One of those great Lenten threads resurfaces in the Psalm at Mass today. We first heard it from the disciples’ lips on the third Sunday of Lent (John 2:17), and it appears again in the Lectionary for Wednesday of Holy Week:
… zeal for your house consumes me
It’s a favorite of those who might advocate an angry Christianity: Jesus was anti-business in a violent way, so I can (choose from the multiples) (a) be opposed to the excesses of capitalism, (b) show anger to my … I mean Jesus’ opponents, (c) pray mean words and not feel guilty, (d) all of the above.
I recall reading a commentary somewhere this Lent recommending we don’t read John 2:17 as a justification for anger. When we look at Psalm 69 as a whole, it’s not an angry piece. It’s a lament. The psalmist exhausts twenty-one verses before suggesting six verses of various punishments for those who have insulted God’s servant, and by extension, God, too.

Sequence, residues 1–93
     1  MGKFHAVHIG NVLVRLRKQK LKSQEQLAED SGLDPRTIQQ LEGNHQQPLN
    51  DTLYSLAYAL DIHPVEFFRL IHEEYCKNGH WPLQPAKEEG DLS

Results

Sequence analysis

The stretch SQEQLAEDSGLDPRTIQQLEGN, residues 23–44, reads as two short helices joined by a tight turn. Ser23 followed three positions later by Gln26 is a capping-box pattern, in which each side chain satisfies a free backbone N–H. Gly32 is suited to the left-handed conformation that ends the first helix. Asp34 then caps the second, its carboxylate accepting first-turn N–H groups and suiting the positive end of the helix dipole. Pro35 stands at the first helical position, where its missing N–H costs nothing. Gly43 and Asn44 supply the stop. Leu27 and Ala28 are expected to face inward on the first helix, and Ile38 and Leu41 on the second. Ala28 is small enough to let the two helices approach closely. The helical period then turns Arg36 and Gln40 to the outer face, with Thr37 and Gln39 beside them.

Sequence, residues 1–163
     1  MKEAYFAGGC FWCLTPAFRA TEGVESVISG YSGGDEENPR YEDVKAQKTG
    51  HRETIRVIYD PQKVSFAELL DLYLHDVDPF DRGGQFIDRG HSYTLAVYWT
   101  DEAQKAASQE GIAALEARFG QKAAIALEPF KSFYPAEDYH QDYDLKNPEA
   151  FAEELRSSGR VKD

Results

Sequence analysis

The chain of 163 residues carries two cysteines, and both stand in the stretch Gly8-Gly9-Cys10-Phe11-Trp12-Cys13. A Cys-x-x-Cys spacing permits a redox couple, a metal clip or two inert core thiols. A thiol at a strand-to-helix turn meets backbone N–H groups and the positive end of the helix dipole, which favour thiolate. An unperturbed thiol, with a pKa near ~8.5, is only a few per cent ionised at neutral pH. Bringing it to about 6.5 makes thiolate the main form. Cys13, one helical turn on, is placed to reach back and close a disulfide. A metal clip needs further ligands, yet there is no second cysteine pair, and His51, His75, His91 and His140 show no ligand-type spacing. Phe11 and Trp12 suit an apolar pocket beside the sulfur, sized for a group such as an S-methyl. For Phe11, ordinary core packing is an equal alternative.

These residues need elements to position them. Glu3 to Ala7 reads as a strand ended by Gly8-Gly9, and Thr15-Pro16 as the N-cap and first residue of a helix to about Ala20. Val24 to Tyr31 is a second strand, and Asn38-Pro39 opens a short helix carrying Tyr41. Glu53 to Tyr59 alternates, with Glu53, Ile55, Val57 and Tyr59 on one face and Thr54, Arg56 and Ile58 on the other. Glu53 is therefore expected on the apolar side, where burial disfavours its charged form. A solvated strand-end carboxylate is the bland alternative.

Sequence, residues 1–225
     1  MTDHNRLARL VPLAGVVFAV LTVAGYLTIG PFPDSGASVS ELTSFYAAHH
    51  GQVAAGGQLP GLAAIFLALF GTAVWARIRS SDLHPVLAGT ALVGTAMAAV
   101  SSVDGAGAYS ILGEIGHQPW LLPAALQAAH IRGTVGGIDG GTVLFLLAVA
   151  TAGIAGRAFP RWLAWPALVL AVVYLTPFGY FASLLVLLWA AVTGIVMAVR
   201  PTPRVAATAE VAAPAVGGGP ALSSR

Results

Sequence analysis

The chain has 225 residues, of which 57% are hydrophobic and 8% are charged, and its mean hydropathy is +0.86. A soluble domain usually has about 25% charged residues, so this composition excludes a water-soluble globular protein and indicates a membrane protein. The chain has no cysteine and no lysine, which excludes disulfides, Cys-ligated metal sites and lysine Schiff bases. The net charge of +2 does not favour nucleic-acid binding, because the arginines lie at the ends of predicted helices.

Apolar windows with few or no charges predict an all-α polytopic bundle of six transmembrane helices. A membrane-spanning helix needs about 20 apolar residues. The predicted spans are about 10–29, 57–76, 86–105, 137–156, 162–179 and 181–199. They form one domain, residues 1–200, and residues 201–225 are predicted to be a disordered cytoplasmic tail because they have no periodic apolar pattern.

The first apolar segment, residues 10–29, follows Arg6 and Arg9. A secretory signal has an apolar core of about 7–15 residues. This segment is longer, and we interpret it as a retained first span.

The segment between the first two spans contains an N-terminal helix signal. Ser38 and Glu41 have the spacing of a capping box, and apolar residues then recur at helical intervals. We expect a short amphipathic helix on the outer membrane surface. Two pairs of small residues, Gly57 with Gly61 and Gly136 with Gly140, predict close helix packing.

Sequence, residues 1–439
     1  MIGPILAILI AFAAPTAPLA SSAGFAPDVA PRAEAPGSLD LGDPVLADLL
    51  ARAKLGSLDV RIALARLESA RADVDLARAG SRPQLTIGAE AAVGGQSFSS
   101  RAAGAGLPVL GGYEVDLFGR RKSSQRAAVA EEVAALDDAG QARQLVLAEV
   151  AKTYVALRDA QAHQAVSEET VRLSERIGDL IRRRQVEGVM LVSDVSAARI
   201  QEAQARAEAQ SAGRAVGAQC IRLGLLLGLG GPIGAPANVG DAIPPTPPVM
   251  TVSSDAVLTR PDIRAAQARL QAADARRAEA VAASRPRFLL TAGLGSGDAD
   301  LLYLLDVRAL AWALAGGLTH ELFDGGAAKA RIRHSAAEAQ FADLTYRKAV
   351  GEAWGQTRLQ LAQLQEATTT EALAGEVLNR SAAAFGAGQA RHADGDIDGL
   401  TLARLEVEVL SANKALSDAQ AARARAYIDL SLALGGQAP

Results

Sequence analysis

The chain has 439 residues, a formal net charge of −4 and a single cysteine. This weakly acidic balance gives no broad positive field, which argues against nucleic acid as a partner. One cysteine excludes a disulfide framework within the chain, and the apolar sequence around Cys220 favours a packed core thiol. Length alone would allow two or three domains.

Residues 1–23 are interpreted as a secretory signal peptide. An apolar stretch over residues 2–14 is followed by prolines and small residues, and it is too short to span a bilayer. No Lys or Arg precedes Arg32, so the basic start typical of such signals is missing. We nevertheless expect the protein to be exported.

The zeal is not a zeal then that acts in aggression (however justified) against the faithless. The zeal is what has landed God’s faithful servant in the whole mess to begin with.
The point of Psalm 69 is not that Jesus endorses our human emotional excesses if placed with good intentions. Read the whole psalm, and not just the snacky bit the disciples quote. It’s one of the longer psalms, and it contains a wide range of passions set to use not against one’s enemies, but in prayer to God. Psalm 22 is the song for Palm Sunday and Psalm 31 draws attention on Good Friday. If the Psalter had lacked either of them, I’m sure Psalm 69 would have been the third choice for the suffering and Passion of Christ.